How reliable is the internet as a tool for sex research? This write-up on a new book, A Billion Wicked Thoughts by Ogi Ogas and Sai Gaddam, summarizes the research and asks some questions about the methodology. In my opinion, though, the study is not as sound as it’s made out to be.
The authors let themselves be guided by the most popular internet queries about sex, and from there conducted some interviews and hung out in topical web forums. However, the authors had some shady strategies, as detailed in this Neurocritic article on the study. The authors did not have Institutional Review Board approval for the study of human subjects, which is basically mandatory for scholarly research that involves living people. Their surveys were not consistent across various groups, and they claimed to be studying the neural functions accompanying sexual arousal… based on internet surveys that by definition, didn’t have the subjects hooked up to an MRI since they were meeting in cyberspace rather than meatspace. All of which makes me think… huh? How is this supposed to yield legitimate results?
Some of the findings have positive implications, such as demonstrating the variety of sexual turn-ons that people can healthily experience. Their findings include the facts that: “Straight men enjoy a wider variety of erotica than imagined, including sites devoted to elderly women and transsexuals….Straight men prefer heavy women to thin ones. Straight women enjoy reading about and watching romances between two men â€” it’s not about the sex, which is downplayed, but the emotion, which is the focus.” These are interesting factual tidbits, but difficult to interpret without a deeper research methodology (such as in-depth face-to-face interviews, detailed questionnaires, and so on).
Even more problematic, however, are the authors’ claims about how to interpret their data. They believe that foot fetishes are understandable because men are evolutionarily wired to prefer women with smaller feet (but where does this “fact” about evolution come from?). There is also the concern about whether people on the internet are telling the truth about their identities: is “Bob” searching for granny porn actually a heterosexual guy? They conflate arousal and curiosity, asserting that if people are searching for it on the internet, they’re aroused by it, rather than merely curious about it. The authors believe that their data proves that men and women have evolved to be aroused by different sexual cues. Apparently, since women can be just as anonymous on the internet as men, their searches should match men’s… if men and women are wired the same sexually. This statement, however, does not take into account the lifetime of social conditioning that a woman would have to overcome if she were to access the internet and search for something that she was sexually curious about or aroused by.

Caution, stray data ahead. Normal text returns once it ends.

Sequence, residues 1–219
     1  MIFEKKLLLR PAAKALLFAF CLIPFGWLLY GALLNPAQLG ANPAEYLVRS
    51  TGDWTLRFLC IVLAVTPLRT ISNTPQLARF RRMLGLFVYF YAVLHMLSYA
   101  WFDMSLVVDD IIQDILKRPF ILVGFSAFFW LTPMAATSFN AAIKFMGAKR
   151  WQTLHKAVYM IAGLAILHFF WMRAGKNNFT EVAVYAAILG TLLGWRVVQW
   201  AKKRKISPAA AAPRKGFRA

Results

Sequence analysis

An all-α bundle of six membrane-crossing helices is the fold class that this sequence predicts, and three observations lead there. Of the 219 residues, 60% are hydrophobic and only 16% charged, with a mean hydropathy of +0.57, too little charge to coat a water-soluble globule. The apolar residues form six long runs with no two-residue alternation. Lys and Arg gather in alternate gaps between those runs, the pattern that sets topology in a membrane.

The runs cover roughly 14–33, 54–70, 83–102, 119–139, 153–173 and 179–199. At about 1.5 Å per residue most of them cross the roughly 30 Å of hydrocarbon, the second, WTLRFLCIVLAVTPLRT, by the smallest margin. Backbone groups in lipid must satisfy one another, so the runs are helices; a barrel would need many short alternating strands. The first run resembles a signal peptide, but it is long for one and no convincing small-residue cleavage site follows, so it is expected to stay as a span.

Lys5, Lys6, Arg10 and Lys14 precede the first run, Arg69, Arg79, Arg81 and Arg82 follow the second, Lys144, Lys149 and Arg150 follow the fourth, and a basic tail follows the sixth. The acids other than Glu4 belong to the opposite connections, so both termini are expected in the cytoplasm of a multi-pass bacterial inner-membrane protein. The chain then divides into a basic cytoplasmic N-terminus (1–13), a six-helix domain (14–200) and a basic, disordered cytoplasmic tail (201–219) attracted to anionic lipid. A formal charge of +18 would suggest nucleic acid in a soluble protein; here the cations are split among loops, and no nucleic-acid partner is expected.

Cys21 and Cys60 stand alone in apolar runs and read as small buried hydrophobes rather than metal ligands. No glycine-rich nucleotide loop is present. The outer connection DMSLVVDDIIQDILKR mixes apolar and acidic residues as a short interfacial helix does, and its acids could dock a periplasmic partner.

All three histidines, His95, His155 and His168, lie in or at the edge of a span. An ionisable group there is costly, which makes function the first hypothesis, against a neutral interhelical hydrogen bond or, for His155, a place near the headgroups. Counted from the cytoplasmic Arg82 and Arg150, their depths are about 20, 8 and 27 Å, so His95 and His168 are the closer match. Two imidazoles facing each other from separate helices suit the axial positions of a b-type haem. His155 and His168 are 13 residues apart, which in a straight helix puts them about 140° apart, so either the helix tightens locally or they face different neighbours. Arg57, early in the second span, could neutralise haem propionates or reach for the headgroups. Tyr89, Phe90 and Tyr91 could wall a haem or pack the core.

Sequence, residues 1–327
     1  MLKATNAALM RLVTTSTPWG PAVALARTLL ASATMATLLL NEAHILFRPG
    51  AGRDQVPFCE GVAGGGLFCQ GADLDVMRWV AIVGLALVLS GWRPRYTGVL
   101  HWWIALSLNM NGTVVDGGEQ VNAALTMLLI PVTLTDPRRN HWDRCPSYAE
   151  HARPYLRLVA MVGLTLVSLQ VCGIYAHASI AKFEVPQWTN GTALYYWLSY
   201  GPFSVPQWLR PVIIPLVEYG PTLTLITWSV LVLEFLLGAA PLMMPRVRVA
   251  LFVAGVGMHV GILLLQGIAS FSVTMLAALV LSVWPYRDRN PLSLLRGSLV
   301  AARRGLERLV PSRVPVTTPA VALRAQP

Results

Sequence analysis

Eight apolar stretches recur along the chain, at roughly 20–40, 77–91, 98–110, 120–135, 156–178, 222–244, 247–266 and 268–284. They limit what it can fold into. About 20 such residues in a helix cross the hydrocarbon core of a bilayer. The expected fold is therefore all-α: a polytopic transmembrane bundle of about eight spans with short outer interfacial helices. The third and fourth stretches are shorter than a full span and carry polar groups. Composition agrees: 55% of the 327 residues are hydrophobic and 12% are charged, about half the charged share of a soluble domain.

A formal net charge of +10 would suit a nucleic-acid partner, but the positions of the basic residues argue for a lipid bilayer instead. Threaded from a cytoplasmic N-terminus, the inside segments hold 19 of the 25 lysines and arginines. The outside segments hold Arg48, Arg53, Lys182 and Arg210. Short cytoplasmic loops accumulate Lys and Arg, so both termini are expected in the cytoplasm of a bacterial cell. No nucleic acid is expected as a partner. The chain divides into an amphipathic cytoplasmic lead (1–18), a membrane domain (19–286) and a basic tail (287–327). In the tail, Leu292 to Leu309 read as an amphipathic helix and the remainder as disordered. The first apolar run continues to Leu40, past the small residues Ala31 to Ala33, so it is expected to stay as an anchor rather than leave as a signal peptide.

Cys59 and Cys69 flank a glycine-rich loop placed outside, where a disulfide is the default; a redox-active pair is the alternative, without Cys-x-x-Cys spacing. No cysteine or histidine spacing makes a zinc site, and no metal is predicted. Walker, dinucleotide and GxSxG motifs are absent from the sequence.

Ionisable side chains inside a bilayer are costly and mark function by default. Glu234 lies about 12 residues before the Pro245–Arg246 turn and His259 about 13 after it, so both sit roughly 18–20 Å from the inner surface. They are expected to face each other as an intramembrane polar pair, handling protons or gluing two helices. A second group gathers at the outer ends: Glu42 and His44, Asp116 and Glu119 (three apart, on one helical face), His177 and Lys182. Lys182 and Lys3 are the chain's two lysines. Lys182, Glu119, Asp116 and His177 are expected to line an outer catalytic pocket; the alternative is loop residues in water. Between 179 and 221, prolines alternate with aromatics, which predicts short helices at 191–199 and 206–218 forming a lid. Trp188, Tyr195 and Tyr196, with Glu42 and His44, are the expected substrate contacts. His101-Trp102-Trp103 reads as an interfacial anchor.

Studying sex on the internet seems like it could yield promising data, but one would need a more rigorously delineated methodology, taking into account the specific ways in which the internet is a unique social sphere. The anonymous component makes it difficult to study the real identities behind the screen, but can also lead scholars to interesting questions. Until scholars start trying out more solid methods, though, readers should be wary of sex research claiming to have cracked the code of online sex.
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